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Home » Archive » 2014

TDK conference 2014

Alternatives to antibiotics in control of lapine pasteurellosis
Somogyi Zoltán - year 4
SZIU Faculty of Veterinary Science, Department of Pharmacology and Toxicology
Supervisor: Orsolya Palócz

Abstract:

Pasteurellosis in rabbits is caused by a Gram-negative coccobacillus, namely Pasteurella multocida, and the disease is considered one of the most important pathological conditions of rabbits, equally affecting livestock, pets and laboratory animals.

Defense against pasteurellosis has long been an important issue among farmers and veterinarians alike. Protection begins with prevention, and its very first step includes maintaining appropriate hygiene. After the onset of clinical infections, however, antibacterial drugs should make up the first line of treatment. Unfortunately, the use of most antibacterial compounds is contraindicated in rabbits. Furthermore, spreading of bacterial resistance also serves as a limiting factor for antibacterial treatments.

The question arises whether antibacterials can be replaced by substances that equal to antibiotics in their effectiveness or have ability to prevent the infection.

In our experiment, we investigated the effects of beta-glucans (polysaccharides, produced by various fungal species, consisting of a backbone structure of β-(1-3)-linked β-D-glucopyranosyl units and β-(1-6)-linked side chains) and the Echinacea (purple coneflower, Echinacea purpurea herbal grist) in New Zealand white rabbits infected with P. multocida. We hypothesized that the immunostimulatory effects of beta-glucans and Echinacea could subsitute for antibacterial treatments of pasteurellosis.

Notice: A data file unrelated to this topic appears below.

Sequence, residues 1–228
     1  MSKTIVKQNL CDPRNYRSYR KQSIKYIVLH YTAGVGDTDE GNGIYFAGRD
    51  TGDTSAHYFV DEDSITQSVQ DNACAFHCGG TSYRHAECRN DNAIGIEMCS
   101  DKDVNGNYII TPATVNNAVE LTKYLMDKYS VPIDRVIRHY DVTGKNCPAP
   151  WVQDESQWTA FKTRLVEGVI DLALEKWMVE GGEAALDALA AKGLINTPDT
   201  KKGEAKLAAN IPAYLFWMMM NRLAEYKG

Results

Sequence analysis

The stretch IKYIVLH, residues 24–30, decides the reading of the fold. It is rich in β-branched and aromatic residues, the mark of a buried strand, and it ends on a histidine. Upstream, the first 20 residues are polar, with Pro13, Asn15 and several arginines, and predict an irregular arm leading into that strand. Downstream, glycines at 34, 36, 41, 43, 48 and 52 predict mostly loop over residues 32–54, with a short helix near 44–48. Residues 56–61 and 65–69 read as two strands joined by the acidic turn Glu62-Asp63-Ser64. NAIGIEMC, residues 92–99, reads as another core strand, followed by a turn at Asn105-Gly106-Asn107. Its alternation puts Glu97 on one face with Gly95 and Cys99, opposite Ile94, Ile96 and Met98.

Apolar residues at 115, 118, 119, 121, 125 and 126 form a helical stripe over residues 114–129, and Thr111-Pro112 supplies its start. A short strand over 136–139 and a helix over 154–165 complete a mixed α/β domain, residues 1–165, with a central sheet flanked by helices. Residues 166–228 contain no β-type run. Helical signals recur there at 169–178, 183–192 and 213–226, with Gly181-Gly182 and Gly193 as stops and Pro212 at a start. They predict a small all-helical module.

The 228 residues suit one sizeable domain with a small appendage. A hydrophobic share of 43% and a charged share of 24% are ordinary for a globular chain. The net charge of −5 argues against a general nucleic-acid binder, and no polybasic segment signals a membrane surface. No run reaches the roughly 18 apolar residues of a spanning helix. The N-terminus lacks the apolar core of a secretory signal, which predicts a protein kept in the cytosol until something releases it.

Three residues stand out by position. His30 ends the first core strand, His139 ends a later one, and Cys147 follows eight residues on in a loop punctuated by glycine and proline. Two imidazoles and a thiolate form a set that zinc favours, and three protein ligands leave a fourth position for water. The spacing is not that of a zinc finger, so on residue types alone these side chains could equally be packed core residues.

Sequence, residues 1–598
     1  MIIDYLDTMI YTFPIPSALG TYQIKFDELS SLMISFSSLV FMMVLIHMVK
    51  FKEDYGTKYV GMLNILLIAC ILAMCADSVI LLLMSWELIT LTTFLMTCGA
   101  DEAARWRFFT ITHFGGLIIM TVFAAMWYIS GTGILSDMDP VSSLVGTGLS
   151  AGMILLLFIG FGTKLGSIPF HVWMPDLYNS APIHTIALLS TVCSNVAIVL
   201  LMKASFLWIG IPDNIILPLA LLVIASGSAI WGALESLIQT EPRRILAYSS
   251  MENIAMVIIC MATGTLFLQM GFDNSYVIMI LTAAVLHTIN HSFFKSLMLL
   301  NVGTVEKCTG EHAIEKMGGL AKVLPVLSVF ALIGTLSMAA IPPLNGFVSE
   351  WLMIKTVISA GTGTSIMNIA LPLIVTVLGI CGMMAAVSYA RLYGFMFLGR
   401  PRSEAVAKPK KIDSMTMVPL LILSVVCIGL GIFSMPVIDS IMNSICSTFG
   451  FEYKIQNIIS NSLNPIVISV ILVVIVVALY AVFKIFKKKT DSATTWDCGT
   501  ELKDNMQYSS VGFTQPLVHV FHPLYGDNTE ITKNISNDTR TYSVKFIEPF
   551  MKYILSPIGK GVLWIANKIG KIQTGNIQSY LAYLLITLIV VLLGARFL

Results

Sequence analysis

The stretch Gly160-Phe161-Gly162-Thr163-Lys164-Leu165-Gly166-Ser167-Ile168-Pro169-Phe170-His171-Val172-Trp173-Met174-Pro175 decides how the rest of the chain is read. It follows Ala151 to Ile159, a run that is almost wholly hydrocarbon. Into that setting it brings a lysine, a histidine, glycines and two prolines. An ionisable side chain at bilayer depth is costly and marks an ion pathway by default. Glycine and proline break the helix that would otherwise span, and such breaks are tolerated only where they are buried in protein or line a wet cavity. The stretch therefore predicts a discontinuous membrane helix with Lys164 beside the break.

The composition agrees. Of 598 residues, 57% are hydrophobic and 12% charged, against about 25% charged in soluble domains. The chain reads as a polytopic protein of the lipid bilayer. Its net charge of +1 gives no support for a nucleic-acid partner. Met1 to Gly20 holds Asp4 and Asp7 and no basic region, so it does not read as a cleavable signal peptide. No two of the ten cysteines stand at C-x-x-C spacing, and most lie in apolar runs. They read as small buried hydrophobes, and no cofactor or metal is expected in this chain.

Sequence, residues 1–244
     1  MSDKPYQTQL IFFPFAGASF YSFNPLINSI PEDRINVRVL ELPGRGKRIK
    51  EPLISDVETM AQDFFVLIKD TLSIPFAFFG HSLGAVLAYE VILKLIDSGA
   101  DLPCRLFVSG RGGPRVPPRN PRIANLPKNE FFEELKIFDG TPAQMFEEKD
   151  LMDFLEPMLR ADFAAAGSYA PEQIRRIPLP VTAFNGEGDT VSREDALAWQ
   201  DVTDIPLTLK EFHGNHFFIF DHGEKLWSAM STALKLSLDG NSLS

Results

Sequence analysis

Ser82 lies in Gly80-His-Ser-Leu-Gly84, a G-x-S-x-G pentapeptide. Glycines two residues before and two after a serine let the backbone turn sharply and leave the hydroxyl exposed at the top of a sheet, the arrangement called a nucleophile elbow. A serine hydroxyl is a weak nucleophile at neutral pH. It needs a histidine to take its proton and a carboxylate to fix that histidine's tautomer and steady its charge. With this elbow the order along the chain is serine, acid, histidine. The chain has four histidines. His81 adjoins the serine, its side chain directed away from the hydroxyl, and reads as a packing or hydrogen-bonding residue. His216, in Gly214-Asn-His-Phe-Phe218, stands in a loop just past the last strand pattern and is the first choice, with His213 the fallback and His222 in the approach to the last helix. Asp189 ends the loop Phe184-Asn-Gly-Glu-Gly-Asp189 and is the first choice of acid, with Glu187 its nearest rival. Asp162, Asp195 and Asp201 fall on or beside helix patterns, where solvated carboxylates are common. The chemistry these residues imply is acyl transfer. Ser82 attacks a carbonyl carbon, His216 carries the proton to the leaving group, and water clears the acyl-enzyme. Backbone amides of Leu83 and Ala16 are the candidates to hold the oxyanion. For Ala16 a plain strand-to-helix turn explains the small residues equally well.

Seven treated groups were examined: control, infected control, antibacterials, small dose (5 mg/kg) and high dose (50 mg/kg) beta-glucans, small dose (10 mg/kg) and high dose (100 mg/kg) Echinacea.

The observed clinical signs (based on inspection, auscultation, rectal temperature and body weight), pathological findings and the results of histopathological examinations suggested that in case of severe P. multocida infection, neither beta-glucan nor Echinacea can substitute for antibacterial treatments. However, death of individual animals in the beta-glucan-treated groups occurred considerably later, than in the infected controls.



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